August 8, 2020

Car Spotter / Blogger / Reviewer

Apologies for the lack of blog articles over the last few months whilst I have been away in America and Australia. In the coming weeks I will be writing about some of the car related experiences that I, The Car Spotter had.


I hope you have all had enjoyable summers.


Today I will be writing about my experience in a week old 2015 Chevrolet Corvette Stingray or C7 in Wisconsin, America.


Whilst staying at my aunt’s house in Wisconsin with my cousin, I discovered my uncle had recently taken order of a brand new black Chevrolet Corvette C7 coupe.



Corvette parked in the garage


Side by side with a Mercedes CLA 250


Menacing quad exhausts and race flag logo on the rear of the supercar


Grainy evening shot of the Corvette Stingray and the Mercedes CLA

Being very rare in the UK, this was an exceptional opportunity to experience an American supercar. My uncle asked if I would like to go out for a drive in this American muscle car beast. I didn’t need to be asked twice.


At first glance, the sharp lines and aggressive look of the Corvette make it a striking car. Air intakes in the rear quarter panels, air vents behind the front wheels to allow brake cooling and four exhaust pipes ensure the Corvette is performance orientated whilst looking the part at the same time.


Being a coupe, the hard roof can be physically taken off and placed in the boot but on this occasion it remained on. Interestingly, to open the doors there are no door handles and you must place your hand in the door shut line gap and find the sensor. The door is then released.


Inside, the seating position is very low to the ground and the bonnet stretches out a long way to the front of the car, making it tricky to see the front of the supercar.


The interior is plusher than expected, including leather seats and a huge digital display in the centre console and a lot of technology. The Corvette certainly isn’t a stripped out car and includes all the modern gadgets you would expect in an everyday vehicle such as satellite navigation and digital radio.


Interior picture courtesy of

Interior picture courtesy of

The 6.2L V8 small block fired into life and we set off onto some long country roads in the heart of Wisconsin – America’s dairyland.


Initially, when the accelerator is gently pushed you can see why the Corvette is an extremely practical supercar. It glides into action and doesn’t feel too menacing. You feel safe and secure in the cabin, front and side visibility is good and with all the modern equipment it is easy to be lulled into a false sense of security.


After driving through some small towns and past many farms, the roads straightened out and there was no traffic around. Upon pressing the accelerator firmly into the floor, I was thrown back into my seat and the colourful, digital speedometer sprang into action.


Being a 7-speed automatic, the gear shifts are taken care of for you and the car changes upwards just shy of 7,000rpm. A second instance of being thrown against my seat occurred only a few seconds after the first one. The power of this American monster could certainly be felt.


To be in such a comfy interior yet have brutal acceleration on tap makes the Corvette a supercar that ticks multiples boxes. The steering is light and paired with the automatic gear changes, it is seamless and easy to drive. Too easy in fact, considering there is 455bhp (339kW) and 460 pound-feet (620Nm) of torque on offer. The quoted 0-60mph time is just 3.7 seconds.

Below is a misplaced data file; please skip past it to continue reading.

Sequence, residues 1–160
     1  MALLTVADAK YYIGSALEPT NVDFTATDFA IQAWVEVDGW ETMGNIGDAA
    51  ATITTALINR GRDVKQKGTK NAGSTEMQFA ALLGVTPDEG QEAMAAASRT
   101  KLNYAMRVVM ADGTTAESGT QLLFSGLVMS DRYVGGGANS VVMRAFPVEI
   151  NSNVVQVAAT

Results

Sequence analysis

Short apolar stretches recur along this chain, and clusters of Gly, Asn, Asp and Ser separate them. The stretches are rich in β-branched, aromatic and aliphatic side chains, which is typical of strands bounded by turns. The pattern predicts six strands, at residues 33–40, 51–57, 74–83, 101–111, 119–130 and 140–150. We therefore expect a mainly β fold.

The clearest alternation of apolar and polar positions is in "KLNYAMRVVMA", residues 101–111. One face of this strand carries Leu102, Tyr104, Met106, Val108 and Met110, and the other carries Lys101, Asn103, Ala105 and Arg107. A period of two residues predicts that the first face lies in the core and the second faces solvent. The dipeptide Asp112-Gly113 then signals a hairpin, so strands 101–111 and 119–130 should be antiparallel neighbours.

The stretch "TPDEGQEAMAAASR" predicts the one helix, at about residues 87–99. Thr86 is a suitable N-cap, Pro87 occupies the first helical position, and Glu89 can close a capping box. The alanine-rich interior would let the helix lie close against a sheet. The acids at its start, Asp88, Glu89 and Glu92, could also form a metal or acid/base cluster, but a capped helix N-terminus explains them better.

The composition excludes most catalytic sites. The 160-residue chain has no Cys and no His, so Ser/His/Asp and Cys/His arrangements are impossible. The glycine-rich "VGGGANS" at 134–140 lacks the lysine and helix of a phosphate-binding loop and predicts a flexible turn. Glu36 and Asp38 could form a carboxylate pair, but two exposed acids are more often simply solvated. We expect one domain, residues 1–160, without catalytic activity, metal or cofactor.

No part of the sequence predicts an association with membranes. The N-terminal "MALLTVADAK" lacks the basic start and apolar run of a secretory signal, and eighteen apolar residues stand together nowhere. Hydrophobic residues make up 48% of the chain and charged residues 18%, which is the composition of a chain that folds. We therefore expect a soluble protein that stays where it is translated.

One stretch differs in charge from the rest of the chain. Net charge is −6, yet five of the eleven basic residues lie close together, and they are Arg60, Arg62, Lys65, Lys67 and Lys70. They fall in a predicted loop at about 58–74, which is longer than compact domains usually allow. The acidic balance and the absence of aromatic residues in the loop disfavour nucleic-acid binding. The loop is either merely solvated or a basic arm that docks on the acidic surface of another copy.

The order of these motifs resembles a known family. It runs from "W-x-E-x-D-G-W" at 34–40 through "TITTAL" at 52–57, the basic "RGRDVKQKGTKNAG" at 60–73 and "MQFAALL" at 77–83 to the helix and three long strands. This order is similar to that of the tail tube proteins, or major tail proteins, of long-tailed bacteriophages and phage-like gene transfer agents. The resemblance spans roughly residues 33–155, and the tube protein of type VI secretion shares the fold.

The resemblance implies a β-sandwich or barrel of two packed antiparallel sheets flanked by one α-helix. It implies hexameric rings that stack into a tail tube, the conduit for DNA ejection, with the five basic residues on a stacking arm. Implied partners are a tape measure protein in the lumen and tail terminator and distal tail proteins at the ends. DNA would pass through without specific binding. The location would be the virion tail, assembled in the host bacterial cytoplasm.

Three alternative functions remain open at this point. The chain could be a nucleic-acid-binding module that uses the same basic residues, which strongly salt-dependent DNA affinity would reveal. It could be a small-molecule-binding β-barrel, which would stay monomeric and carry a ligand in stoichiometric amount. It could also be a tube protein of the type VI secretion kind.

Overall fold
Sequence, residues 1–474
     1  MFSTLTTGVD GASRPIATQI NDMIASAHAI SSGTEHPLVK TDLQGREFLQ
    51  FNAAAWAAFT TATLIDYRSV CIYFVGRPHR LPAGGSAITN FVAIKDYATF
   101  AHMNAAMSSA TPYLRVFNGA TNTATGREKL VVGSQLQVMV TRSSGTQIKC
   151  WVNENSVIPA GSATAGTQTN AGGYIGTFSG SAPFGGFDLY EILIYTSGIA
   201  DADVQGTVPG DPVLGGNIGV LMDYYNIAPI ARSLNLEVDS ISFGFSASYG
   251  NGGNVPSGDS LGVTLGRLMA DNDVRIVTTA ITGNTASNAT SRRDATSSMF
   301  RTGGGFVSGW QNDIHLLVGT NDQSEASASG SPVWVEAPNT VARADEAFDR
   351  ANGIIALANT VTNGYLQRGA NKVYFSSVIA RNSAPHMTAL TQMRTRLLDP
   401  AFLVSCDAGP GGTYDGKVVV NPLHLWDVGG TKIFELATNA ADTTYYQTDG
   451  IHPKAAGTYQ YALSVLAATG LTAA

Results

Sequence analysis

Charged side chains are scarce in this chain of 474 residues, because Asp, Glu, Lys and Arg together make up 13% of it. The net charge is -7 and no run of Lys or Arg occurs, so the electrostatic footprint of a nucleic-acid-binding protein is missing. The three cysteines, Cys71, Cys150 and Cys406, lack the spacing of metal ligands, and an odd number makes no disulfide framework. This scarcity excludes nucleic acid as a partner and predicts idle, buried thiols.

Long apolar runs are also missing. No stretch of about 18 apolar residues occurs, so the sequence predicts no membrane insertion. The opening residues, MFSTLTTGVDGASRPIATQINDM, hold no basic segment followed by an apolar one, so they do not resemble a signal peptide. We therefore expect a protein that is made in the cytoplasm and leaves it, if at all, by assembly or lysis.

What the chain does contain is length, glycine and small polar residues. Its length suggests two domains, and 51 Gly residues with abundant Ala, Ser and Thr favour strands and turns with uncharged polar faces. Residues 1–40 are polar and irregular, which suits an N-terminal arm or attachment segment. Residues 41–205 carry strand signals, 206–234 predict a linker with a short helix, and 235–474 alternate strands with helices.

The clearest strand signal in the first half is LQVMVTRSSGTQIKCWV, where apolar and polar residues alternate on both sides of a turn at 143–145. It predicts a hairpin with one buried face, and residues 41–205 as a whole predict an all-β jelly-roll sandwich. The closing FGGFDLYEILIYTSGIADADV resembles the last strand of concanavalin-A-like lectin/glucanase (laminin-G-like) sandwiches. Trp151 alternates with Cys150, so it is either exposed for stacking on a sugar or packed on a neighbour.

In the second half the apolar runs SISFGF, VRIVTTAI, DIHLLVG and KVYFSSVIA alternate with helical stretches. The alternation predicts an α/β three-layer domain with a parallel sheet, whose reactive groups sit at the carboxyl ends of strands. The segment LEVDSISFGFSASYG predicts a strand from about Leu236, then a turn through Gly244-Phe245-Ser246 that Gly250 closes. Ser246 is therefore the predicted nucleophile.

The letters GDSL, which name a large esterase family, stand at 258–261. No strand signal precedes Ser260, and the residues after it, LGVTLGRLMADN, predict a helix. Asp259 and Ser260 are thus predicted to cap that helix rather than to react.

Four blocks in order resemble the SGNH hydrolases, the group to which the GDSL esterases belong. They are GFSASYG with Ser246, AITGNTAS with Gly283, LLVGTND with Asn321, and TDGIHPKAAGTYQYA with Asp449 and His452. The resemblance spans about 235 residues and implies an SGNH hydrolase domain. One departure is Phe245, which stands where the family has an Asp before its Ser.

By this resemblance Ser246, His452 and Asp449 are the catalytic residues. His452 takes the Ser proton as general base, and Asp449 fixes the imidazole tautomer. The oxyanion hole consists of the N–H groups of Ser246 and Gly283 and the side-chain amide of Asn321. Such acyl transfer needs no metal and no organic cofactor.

It is often stated that previous Corvettes can accelerate phenomenally but the American’s are yet to understand how to be good at cornering. I can say that the latest version of the Corvette does both very well. Unfortunately I have not experienced any previous Corvette models so cannot make any direct comparisons.


After a few bouts of acceleration, we decided to head towards the Mississippi river, stopping at one of the boat lock and dams.


Parked up at one of the Mississippi river lock and dam spots

Parked up at one of the Mississippi river lock and dam spots

There was a boat using the lock system and after watching for a while, we went back to the parked Corvette and followed the Mississippi river upstream, with the river to our right. It wasn’t the brightest of days but the hills and mountains against the river made it a pleasant view from within tis piece of American machinery.

Driving alongside the Mississippi river

Driving alongside the Mississippi river

We drove back to our starting point following a different route to see how the Corvette responded to some sweeping bends and narrow roads. Despite being in such a country setting some of the roads are not entirely perfect and smooth, the black Corvette took each mile in its stride.


Rear quarter of the Corvette

Rear quarter of the Corvette

Front quarter shot of the parked Corvette

Front quarter shot of the parked Corvette

The Corvette really is a car that could be driven daily as a gentle cruiser and then taken to a racetrack to be driven hard. The Americans have included a lot of technology and the usability of the car makes it an obvious choice whilst being excellent value for money. The base price for a Chevrolet Corvette is less than $60,000 which is less than £40,000. With import charges and tax you will pay over £60,000 in the UK. Still, the performance figures and aesthetics make it a lot of car for the money when considering most supercars are six figures plus.


I hope you enjoyed the descriptive blog post and pictures of my experience in a Chevrolet Corvette stingray.


What are your thoughts of the Chevrolet Corvette C7 Stingray?


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